of environmentally sensitive, natural habitat, whereby its ecology
and therefore resident wildlife has suffered a severe reduction
in numbers; threatening the survival of species. The threshold
date for this condition is any natural forest land such as rainforest,
which has been cleared to farm livestock after 31st December 1989.
The NOVA Key
has determined 1989 as a suitable cut off a point: A period when
significant changes in global biodiversity began to be recognised,
as a decline of natural world species began to fall more sharply,
and global warming - due to accelerated deforestation and other
damaging exploits of the earth by humans - started to show a more
severe drop in ecological sustainability than in previous years.
Q 15. Will small
supply shops and web stores providing specialist goods be able to
label products themselves with the NOVA Key?
In some circumstances, yes.
For example, a shop or website selling ethical wares and foods
etc. can apply to use The NOVA Key on their website and on individual
products. Due to the risk that they may be penalized if any of
the products they are selling are mis-crossed, they will have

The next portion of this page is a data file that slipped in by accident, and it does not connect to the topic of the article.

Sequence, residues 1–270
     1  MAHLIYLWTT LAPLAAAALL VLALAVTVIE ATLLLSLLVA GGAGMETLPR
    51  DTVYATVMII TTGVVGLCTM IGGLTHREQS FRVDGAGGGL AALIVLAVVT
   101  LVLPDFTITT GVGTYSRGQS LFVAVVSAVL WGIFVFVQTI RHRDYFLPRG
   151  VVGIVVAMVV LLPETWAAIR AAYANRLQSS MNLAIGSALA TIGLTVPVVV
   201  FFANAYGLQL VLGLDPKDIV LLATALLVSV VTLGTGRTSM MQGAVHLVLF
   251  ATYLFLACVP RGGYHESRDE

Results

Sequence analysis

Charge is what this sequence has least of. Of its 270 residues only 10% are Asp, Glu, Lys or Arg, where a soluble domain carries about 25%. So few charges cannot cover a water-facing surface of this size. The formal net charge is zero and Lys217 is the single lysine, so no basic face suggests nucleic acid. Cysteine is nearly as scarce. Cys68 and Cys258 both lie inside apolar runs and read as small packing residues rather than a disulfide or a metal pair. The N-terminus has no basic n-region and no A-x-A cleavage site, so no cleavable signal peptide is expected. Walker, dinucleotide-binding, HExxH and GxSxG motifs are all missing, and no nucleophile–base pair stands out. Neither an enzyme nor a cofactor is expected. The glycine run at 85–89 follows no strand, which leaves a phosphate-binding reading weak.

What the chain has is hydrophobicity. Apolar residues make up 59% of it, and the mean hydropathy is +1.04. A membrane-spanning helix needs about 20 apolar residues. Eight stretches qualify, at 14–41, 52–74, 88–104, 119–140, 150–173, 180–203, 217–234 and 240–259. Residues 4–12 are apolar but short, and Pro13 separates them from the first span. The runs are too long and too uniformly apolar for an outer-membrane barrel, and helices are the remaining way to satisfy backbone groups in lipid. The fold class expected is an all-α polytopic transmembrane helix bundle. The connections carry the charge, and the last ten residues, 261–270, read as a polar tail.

to take extra care that their suppliers provide them with a clear
ingredients listing as a guide to how its NOVA Key should be marked
(initialised). For example, if a web store wants to add a NOVA
Key next to each product description, then it's up to the web
store to mark the NOVA Key correctly, otherwise the entire webstore
will suufer a significant percentage loss on their trust rating.
Q 16. Can use
of the NOVA Key be regulated? How will consumers know if the manufacturers
are lying or not about the ingredients in their products?
If the NOVA Key was legislated in your country then the first
line of defence to any stop misuse of it would be your country's
government government, who would incur penalties to those misusing